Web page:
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2021 Ford Bronco's 2.7-Liter Engine Has a Catastrophic Problem, Dozens Affected

Ford revealed the Bronco in July 2021, and it was a smashing hit with customers. Despite its cute lines and retro cues that trace back to the first-generation Bronco, Ford’s off-roader is no softie. As capable as it is, the Bronco had its fair share of problems. Among the more serious ones, we can now count catastrophic engine failures on models powered by the 2.7-liter EcoBoost engine.
2021 Ford Bronco's 2.7-liter engine has a catastrophic problem2021 Ford Bronco's 2.7-liter engine has a catastrophic problem2021 Ford Bronco's 2.7-liter engine has a catastrophic problem2021 Ford Bronco's 2.7-liter engine has a catastrophic problem2021 Ford Bronco's 2.7-liter engine has a catastrophic problem2021 Ford Bronco's 2.7-liter engine has a catastrophic problem2021 Ford Bronco's 2.7-liter engine has a catastrophic problem
Ford Bronco is probably one of the most hot-selling vehicles in the U.S. right now and certainly the highlight of an otherwise dull 2021. You can understand why the Bronco is so popular, especially with the off-roading community, when you learn about its capabilities. The Bronco can do a lot of things in its stock configuration and can do even more when fitted with upgraded parts.

It wasn’t spared the problems, though, and we can say that the Bronco (and especially its little brother Bronco Sport) has seen a lot of recalls in its short career. Among the more serious problems, it appears that the 2.7-liter EcoBoost engine on the 2021 Ford Bronco might suffer a catastrophic failure quite early in its lifecycle.

The first documented case appeared as early as July 2021 when the Bronco only had 1,146 miles (1,844 km) on the odometer, but there are now 46 cases, according to the Bronco6G forum. The lowest mileage for such an engine failure is 984 miles (1,584 km), while the highest mileage recorded is 6,986 miles (11,243 km). The problem, which appears to be caused by a dropped intake valve, is meticulously documented on a forum thread that has already gathered more than 3,500 replies.

The thread documents the engine serial numbers for all affected owners, tracking the build date to identify the scope of the problem. Based on this forensic work, the vast majority of engines affected were built between June and August 2021 at Ford’s Lima engine plant (Ohio). Granted, the plant produced thousands of 2.7-liter EcoBoost V6 engines in that timeframe, so there are still a lot of potential customers that might see a catastrophic failure in the future.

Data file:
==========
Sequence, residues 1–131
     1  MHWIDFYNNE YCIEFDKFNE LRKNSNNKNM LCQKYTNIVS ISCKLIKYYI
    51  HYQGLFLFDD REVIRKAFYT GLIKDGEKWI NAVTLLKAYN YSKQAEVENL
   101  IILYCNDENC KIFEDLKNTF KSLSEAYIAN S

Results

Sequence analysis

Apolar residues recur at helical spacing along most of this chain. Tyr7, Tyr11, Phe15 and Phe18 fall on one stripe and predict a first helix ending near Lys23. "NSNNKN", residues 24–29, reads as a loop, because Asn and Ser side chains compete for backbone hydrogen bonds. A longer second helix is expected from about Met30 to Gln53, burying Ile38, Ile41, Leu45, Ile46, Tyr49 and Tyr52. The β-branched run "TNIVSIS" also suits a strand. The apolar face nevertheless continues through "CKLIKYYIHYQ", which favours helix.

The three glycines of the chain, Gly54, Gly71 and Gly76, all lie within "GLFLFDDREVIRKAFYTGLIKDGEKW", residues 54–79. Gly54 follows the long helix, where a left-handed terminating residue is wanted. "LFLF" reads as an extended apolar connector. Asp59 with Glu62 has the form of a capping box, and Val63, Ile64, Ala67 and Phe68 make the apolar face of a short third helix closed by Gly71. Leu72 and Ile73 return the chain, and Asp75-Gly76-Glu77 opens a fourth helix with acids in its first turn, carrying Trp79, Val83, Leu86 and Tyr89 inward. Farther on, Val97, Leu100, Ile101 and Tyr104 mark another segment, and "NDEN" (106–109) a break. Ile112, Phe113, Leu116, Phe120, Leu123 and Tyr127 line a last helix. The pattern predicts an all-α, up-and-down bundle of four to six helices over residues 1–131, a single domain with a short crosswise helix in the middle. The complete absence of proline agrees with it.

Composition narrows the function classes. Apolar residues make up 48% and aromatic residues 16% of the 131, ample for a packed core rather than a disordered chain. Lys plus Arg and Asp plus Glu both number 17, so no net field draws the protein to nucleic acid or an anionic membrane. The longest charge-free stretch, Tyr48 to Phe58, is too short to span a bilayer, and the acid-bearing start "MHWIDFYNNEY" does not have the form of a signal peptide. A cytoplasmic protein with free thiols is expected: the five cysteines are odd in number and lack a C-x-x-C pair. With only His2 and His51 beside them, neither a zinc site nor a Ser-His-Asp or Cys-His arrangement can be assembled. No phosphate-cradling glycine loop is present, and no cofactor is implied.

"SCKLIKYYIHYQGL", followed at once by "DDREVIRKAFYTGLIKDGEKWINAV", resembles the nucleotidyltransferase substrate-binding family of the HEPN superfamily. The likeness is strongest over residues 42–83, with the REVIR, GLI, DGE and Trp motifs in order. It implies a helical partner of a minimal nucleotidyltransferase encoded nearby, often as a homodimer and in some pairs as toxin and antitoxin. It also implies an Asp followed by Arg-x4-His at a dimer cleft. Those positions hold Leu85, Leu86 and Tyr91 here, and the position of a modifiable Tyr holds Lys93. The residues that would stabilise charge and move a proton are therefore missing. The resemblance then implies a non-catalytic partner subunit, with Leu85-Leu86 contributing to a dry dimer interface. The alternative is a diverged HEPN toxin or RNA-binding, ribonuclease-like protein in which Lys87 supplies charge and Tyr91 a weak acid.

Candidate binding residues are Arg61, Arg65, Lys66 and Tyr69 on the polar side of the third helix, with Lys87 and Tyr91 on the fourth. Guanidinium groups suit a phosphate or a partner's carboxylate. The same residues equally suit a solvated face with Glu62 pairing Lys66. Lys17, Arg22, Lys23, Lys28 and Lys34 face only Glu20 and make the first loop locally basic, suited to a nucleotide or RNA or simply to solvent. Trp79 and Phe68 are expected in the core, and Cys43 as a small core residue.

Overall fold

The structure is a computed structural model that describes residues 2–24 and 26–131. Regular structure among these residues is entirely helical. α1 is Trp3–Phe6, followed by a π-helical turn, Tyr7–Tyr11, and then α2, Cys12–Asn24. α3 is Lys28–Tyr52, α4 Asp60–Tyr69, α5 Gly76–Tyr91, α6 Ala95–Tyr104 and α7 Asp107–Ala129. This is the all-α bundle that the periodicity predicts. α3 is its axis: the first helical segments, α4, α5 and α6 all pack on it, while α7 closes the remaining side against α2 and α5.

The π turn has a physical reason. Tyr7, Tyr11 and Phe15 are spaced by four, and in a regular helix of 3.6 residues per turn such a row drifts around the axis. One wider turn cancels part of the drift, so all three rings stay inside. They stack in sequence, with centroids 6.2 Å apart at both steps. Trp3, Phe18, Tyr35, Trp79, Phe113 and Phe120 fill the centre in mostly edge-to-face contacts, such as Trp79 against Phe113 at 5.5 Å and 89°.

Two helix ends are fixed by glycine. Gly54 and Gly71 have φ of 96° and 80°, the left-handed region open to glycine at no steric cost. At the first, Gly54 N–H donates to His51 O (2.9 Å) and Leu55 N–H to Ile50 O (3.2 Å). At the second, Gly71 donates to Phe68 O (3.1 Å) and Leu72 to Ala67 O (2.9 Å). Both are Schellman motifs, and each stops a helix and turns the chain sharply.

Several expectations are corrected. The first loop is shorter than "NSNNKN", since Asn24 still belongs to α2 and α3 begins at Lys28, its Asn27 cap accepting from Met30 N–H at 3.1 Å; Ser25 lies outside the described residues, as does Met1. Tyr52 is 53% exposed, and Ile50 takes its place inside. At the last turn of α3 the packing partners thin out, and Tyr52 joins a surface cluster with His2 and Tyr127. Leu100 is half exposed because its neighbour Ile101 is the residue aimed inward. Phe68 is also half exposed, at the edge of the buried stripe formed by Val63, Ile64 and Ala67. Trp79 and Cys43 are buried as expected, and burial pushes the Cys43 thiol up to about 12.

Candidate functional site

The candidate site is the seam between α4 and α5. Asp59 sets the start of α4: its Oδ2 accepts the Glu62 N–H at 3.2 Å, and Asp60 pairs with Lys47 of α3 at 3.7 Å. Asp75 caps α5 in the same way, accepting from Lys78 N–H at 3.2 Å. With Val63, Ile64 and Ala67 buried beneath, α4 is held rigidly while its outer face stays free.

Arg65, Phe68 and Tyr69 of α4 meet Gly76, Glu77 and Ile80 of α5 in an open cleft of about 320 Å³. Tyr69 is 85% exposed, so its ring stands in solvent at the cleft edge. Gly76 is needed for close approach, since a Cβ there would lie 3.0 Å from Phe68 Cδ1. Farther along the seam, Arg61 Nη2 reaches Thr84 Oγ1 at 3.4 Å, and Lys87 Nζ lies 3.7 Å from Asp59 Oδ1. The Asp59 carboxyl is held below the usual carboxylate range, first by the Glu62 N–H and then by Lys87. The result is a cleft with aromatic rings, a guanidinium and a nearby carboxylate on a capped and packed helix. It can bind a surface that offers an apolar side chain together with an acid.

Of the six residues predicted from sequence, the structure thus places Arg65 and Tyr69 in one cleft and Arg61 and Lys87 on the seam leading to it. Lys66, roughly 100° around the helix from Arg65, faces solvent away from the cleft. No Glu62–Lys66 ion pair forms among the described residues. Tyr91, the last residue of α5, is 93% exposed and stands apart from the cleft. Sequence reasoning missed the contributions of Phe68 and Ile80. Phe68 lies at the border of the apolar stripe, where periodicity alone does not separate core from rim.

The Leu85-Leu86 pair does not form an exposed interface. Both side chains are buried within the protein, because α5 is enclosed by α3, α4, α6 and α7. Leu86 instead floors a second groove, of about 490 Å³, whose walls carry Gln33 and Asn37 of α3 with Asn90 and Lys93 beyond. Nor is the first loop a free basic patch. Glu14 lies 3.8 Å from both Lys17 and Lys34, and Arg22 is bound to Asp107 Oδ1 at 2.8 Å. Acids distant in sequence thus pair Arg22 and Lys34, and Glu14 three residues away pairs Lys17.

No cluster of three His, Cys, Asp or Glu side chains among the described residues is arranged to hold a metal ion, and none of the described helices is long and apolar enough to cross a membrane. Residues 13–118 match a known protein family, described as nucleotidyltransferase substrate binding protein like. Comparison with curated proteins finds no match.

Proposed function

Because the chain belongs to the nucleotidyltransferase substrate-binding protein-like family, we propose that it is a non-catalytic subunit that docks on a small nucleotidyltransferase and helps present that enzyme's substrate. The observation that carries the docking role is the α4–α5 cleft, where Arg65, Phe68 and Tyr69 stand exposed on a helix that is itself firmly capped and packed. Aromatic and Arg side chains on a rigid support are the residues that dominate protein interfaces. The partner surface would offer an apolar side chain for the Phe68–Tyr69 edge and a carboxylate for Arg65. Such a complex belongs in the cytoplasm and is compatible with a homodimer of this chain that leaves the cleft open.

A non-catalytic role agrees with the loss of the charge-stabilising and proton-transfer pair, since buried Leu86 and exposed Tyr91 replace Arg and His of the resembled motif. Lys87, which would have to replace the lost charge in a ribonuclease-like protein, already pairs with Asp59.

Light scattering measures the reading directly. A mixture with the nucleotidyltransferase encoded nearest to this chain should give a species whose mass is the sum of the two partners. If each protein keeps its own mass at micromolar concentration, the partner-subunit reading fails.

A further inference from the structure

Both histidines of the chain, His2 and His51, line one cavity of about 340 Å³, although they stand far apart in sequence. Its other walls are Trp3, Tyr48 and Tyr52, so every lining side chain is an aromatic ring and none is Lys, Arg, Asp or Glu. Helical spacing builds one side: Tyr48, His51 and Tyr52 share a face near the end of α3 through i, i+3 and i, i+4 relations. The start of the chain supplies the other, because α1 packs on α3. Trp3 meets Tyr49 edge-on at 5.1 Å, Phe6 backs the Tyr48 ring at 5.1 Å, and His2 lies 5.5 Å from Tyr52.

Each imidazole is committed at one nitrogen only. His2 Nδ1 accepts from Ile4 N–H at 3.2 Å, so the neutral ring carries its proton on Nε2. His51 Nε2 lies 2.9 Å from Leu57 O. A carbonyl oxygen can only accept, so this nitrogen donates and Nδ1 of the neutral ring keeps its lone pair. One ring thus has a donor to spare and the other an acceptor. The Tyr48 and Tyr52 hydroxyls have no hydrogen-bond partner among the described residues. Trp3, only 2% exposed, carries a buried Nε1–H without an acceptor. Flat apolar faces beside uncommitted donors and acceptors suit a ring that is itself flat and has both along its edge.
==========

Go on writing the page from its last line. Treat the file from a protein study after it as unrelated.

The 2.7-liter EcoBoost engine is a great upgrade over the base 2.3-liter engine that powers the Ford Bronco, and it was probably preferred by many people who fancy off-road adventures. The same engine works under the hood of the F-150, and some owners also reported failures, but the problem was significantly less common (or the owners are less organized) than in the case of the Bronco. According to the Drive, who investigated this issue, Ford is aware of the problem.

We are aware of a select number of engines with this concern and we are investigating,” a Ford spokesperson told the Drive. “If any customers are experiencing issues, they will be covered under the vehicle’s 5-year, 60,000-mile powertrain warranty.”

Based on the discussions on the Bronco6G forum, the problem might be related to a bad batch of valves. This can lead to the head of the valve detaching from the stem and dropping inside the cylinder. This results in an immediate loss of compression, while the chunk of metal in the cylinder can also cause a catastrophic failure of the engine. An engine replacement is mandatory, and although Ford has shown goodwill, the repairs can take months to complete.

Many Ford Bronco owners have complained to NHTSA, with 42 complaints recorded on its website. Of these, 25 are engine-related, and 20 of them reference complete failures. Many Bronco owners indicated that the problem was caused specifically by a dropped valve. On the Bronco6G forum, affected Bronco owners are encouraged to file a complaint with the NHTSA and also report the problem to the thread owner to help him with tracking the failures.

Although Ford has fixed the problems on warranty, and some have been compensated with a longer powertrain warranty, people demand a broader action. There might be thousands of unsuspecting Bronco owners with a 2.7-liter engine built between June and August 2021 at Ford’s Lima engine plant. For them, NHTSA needs to step in and open an inquiry into the failures.

 
 
 
 
 

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